Charges dropped for hundreds of alleged looters in New York City

·4 min read

In late May and early June 2020, looters smashed storefronts in the Bronx and Manhattan boroughs of New York City.

Many were caught on tape, some with their faces visible. Others even posted their own videos of their actions those nights on social media. Hundreds were arrested.

But a review of NYPD data by the investigative team at WNBC, the NBC owned station in New York, shows that a large percentage of the cases — particularly in the Bronx — were dismissed, and that many convictions were for counts like trespassing that carry no jail time.

"I was in total shock that everything is being brushed off to the side," said Jessica Betancourt, who owns an eyeglass shop that was looted and destroyed along Burnside Avenue in the Bronx last June.

According to the data, 118 arrests were made in the Bronx during the worst of the looting in early June.

Click here to watch the WNBC New York version of this story.

Since then, the NYPD says the Bronx district attorney and the courts have dismissed most of those cases — 73 in all. Eighteen cases remain open and there have been 19 convictions for mostly lesser counts like trespassing, counts which carry no jail time.

Betancourt, who is also vice president of a local merchants 'association, called the numbers "disgusting." She said local business leaders are upset few are being held accountable for the destruction they caused.

In Manhattan, much of the looting occurred in the upscale neighborhood of Soho. Amid the Covid pandemic, mobs and organized criminals were taking advantage of huge protests in the city after the Minneapolis police killing of George Floyd.

Click here to read the NBC New York version of this story.

The NYPD data shows there were 485 arrests in Manhattan. Of those cases, 222 were later dropped and 73 resulted in convictions for lesser counts like trespassing, which carries no jail time. Another 40 cases involved juveniles and were sent to family court; 128 cases remain open.

Law enforcement expert and former NYPD Chief of Patrol Wilbur Chapman voiced anger at prosecutors for dropping so many looting and burglary cases.

"If they are so overworked that they can't handle the mission that they're hired for, then maybe they should find another line of work," Chapman said.

Sources in the DA's offices in Manhattan and the Bronx said that evidence, in some cases, was simply not strong enough for proof beyond a reasonable doubt. And with the courts closed amid the Covid pandemic, there was a huge backlog of cases that was unwieldy for both the courts and prosecutors.

The NYPD did set up a task force after the riots to examine videos and photos to separate suspected rioters from peaceful protesters. That work shares similarities with what the FBI is doing in making hundreds of arrests after the riot at the U.S. Capitol.

But unlike federal prosecutors who are moving forward with prosecutions of the Capitol Hill rioters, New York City prosecutors are disposing of most burglary-related cases.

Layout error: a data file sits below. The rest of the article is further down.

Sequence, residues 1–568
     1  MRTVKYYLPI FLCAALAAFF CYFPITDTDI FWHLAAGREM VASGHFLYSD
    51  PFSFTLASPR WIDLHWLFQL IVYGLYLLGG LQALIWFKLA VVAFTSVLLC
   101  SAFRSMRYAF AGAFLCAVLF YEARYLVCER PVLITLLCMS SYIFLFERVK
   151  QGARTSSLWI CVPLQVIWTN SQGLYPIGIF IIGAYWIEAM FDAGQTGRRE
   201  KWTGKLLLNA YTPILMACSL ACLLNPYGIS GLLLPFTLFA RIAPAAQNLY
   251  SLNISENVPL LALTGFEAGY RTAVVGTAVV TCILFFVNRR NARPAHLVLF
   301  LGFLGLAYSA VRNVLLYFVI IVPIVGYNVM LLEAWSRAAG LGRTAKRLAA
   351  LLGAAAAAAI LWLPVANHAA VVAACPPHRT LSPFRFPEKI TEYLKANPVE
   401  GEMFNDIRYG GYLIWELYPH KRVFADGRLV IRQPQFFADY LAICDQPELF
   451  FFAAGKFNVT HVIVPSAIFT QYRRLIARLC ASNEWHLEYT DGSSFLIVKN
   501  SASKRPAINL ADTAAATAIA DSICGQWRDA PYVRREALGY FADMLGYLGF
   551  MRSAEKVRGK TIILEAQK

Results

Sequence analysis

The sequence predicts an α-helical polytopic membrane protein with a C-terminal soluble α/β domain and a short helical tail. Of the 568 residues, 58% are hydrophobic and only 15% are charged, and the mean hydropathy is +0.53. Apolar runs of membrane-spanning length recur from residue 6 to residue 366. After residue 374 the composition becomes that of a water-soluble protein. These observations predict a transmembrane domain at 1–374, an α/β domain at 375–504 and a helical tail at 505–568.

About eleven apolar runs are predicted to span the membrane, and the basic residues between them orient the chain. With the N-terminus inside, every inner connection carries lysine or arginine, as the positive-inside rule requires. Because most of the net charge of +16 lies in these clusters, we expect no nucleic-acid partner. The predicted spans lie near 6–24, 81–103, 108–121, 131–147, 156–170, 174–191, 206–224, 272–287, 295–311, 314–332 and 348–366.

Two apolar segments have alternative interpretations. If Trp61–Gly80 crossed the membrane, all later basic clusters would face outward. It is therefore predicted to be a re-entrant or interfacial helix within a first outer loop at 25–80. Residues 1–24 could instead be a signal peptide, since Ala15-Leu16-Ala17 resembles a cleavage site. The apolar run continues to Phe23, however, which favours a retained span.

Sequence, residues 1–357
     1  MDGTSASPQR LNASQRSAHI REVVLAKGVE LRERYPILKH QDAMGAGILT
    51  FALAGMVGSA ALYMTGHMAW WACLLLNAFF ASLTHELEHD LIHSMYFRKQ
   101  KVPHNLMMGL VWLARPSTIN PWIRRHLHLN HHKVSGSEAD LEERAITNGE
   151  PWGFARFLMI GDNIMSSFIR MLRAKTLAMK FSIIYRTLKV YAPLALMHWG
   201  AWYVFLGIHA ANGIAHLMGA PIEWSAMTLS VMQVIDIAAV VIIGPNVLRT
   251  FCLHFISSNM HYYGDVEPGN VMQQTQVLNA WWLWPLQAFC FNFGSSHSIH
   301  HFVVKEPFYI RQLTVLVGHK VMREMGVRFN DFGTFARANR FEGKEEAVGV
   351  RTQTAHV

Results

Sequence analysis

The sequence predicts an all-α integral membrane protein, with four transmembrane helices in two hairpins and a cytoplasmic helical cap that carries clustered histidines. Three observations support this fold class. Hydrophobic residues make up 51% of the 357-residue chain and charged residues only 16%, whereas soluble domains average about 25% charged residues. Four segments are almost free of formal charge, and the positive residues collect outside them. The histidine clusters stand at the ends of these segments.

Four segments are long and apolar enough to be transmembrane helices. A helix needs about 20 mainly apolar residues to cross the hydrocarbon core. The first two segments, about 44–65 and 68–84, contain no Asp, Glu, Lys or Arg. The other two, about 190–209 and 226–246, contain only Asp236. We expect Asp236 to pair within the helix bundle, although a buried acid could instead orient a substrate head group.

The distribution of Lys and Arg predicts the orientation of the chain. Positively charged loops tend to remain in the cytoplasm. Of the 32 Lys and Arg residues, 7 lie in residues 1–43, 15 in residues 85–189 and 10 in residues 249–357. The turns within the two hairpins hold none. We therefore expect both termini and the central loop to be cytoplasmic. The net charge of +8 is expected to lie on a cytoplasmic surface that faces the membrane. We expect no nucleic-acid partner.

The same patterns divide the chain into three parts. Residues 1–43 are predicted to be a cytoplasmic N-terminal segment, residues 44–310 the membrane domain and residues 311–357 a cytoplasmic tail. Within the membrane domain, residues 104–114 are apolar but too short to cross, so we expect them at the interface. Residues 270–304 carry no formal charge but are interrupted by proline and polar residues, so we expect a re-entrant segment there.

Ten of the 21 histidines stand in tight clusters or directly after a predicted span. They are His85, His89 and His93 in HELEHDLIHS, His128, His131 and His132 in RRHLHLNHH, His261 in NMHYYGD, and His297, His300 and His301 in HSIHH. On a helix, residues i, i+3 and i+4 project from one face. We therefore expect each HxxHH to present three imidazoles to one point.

A looted Muji store with broken windows in Manhattan on June 1, 2020. (Lev Radin / Sipa USA via AP file)
A looted Muji store with broken windows in Manhattan on June 1, 2020. (Lev Radin / Sipa USA via AP file)

The NYPD says there were follow-up investigations led in part by Deputy Inspector Andrew Arias, where evidence included photos and recovered stolen property.

"We had to analyze each case individually and see if, in fact, we could prove the right person had committed the crime," Arias said.

Former Chief Chapman says while the NYPD did some follow-up, the data shows the district attorneys and the courts have not.

"It allowed people who committed crimes to go scot free," Chapman said.

Bronx DA Darcell Clark declined repeated requests for an interview, as did Manhattan DA Cy Vance. In a statement, the Bronx DA's office said, “We went forward with cases for which we had evidence and a complaining witness. Some cases were dismissed but we held people accountable because we do not tolerate violence against Bronx business owners."

In an internal memo, Vance says there were over 600 commercial burglary arrests in addition to over 3,500 unindicted felony cases in the pipeline waiting to move forward in the courts. His memo says all those cases were on hold because of the pandemic.

Before dropping a case, Vance told his prosecutors to review defendants' criminal histories, whether police could really place the suspect at the scene, and whether the individual caused "any damage to the store."

Vance told his office, "For many of these commercial burglaries, you will be asked to reduce the initial felony charge to a misdemeanor and to dispose of the case … with an eye towards rehabilitation."

He also stressed the "continued goal to achieve consistency and equitable treatment in these cases."

A spokesman for the New York state court system says decisions to dismiss cases were primarily made by the district attorneys. "An application must be made by the district attorney or as they have done with hundreds of [court appearance orders], decline to prosecute them," said Lucian Chalfen.

In the Bronx, some businesses that had insurance are back. But the scars from the riots of a year ago remain.

"They could do it again because they know they won't get the right punishment," Betancourt said.

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